We often hear from many of our members, in digital and real-life spaces, about the relentless ways that patriarchy manifests in our societies, specifically as a form of reproductive oppression. Patriarchal conditions enforce binaries that are harmful to women, lgbtq folks, disabled people, and racial, ethnic, religious minorities who are more marginalized in society. These binaries are tools of social control and create and enforce stigma. We corresponded with inroads member Wafa Mudawi Ibrahim Adam from Sudan, and she shared with us the ways young people are doing binary-breaking, stigma-busting work, despite years and generations of women’s sexuality being criminalized or leveraged for political gain.
I’m an SRHR and abortion rights activist from Khartoum. I’m also a human & women’s rights activist. In 2013, during my Masters on women’s health, I became passionate about abortion. The suffering of women seeking abortions was what stirred up my passion. I believe deeply in the right of women to make choices about their bodies and lives. And this is why I became an abortion rights activist.
In Sudan, women are marginalised systematically and all the time… For many years, Sudan has been a patriarchal society, but after the 1983 Sharia Laws the situation worsened. These laws were introduced to humiliate women, and to control women’s bodies and actions in both public and private spheres. They dictate women’s dress codes and criminalise mixing or interactions between men & women, and sexual acts outside marriage. The president at the time, Jafar Nemrei, found that it was advantageous to use these laws as a way to make political and financial gain.
In 1989, after the military coup by dictator Omer El-Bashir and the ‘Sharia laws mastermind’ Hassan El-Taurabi, women were chased and flogged for not covering their hair. Adult women required approval of their male guardian if travelling, getting married, or getting certain SRH services. Until this day, women continue to be castigated, jailed and fined for “crimes” listed above, as well as for having sex outside marriage.
Historically, specifically in central Sudan, women’s sexuality has been perceived as non-existent. Their role is seen only as wives, mothers, and caregivers. Therefore, it is assumed that women don’t need to know about contraception or abortion. These restrictive ideas create harmful binaries between good/bad women, and deeply inform our Sharia laws, and abortion law.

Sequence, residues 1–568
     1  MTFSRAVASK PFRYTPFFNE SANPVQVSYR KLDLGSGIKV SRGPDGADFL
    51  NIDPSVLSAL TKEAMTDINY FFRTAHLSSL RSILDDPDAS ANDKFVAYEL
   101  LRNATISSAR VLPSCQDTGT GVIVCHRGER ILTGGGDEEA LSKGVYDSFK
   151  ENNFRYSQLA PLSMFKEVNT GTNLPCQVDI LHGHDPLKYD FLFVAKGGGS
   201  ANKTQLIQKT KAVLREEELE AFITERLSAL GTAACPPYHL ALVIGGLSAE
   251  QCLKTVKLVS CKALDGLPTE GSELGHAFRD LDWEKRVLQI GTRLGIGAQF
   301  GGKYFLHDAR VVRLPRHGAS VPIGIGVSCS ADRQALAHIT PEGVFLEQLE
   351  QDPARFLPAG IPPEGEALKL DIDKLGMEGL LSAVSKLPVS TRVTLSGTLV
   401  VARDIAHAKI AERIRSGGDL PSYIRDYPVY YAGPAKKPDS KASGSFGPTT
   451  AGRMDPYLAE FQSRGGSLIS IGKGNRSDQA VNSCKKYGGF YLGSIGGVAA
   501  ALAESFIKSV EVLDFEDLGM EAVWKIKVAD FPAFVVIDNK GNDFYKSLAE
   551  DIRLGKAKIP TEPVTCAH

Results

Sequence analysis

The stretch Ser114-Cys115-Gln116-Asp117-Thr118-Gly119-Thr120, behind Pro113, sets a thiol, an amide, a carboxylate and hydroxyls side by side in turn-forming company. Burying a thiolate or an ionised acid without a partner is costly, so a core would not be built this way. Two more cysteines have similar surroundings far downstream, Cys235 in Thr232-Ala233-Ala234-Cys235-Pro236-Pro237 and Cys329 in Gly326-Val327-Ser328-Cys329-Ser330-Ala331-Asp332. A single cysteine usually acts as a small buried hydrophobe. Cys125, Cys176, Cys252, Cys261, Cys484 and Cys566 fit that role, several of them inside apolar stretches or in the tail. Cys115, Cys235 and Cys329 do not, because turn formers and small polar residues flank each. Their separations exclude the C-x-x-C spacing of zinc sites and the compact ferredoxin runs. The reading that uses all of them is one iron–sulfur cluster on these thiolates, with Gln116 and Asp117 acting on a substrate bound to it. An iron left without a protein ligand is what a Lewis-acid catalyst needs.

Today it remains a challenge for folks to seek abortion services without experiencing extreme stigma. Abortion to save a woman’s life was legalized in the 1970s, and it wasn’t until the mass rapes in Darfur in 2003 and 2004 that Bashir’s government was pressured to allow abortion after rape as well. Abortion is only legal under these grounds. It’s ironic how the laws in Sudan are more restrictive than the laws in Saudi Arabia’s law, the only place where Sharia law exists in an uncodified form. Still, even on these very limited grounds of lifesaving and rape, procuring abortions is difficult. The issue of women’s sexuality plays a big role in restricting access to even legal abortions. As sex outside marriage is illegal, unmarried women seeking legal abortion are prosecuted for adultery and indecent behaviour.
The stigmatisation of sex adds another layer of discrimination for women. Unmarried women seeking abortion are deemed promiscuous and want to hide their sex ‘crime’ and shame. This is commonly heard when addressing access to abortion and even contraception.
Even just believing in abortion rights is stigmatised.
Nonetheless, I see some prospects. During the revolution, I saw how the 30 years Islamisation project has failed. Our young people continue to fight societal norms and reshape society’s understanding of gender. Youth in Sudan have less stigma around sex which reduces the burden of the multiple stigmas that come with abortion. It also seems that the more liberal ideas about sex play a part in relieving abortion stigma for some. Originating from harm reduction, sympathy for unmarried women seeking abortion (oftentimes done to save family honour) is slowly increasing and gaining support. Unfortunately and ironically, the positively changing attitude to unmarried people has also reinforced stigma towards married women seeking abortions as this creates the stereotype that married women have no reason to have abortions.
Thankfully, the lessening stigma around sex and drastic change in the political and economic scene of Sudan allows for space to discuss abortions. Young people are more able to discuss sex, unintended pregnancy and access to abortion. We can now finally organise and mobilise for abortion access, even if slowly, as there’s space to start the discussion.